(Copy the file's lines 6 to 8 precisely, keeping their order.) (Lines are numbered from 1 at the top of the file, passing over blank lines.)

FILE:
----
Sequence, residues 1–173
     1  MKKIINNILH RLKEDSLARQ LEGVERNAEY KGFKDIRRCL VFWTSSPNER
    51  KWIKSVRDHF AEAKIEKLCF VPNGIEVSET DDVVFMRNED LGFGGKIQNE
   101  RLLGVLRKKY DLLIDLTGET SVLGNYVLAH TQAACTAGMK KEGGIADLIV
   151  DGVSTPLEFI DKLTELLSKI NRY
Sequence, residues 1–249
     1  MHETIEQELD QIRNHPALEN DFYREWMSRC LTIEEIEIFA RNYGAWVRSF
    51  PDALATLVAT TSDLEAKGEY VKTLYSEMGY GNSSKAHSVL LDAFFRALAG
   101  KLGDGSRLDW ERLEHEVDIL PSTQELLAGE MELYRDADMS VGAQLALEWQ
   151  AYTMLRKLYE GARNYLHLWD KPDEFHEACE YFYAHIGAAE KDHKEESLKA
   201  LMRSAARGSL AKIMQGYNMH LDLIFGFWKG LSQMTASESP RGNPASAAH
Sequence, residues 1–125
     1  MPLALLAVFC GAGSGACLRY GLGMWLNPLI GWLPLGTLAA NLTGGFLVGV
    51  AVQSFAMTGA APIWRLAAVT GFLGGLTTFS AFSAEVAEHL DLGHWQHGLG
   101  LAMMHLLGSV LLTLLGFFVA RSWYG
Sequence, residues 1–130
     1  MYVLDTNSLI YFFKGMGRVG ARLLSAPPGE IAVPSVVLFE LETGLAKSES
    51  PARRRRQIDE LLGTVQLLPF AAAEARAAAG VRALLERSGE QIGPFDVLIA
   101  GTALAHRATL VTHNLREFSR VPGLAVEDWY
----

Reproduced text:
Sequence, residues 1–249
     1  MHETIEQELD QIRNHPALEN DFYREWMSRC LTIEEIEIFA RNYGAWVRSF
    51  PDALATLVAT TSDLEAKGEY VKTLYSEMGY GNSSKAHSVL LDAFFRALAG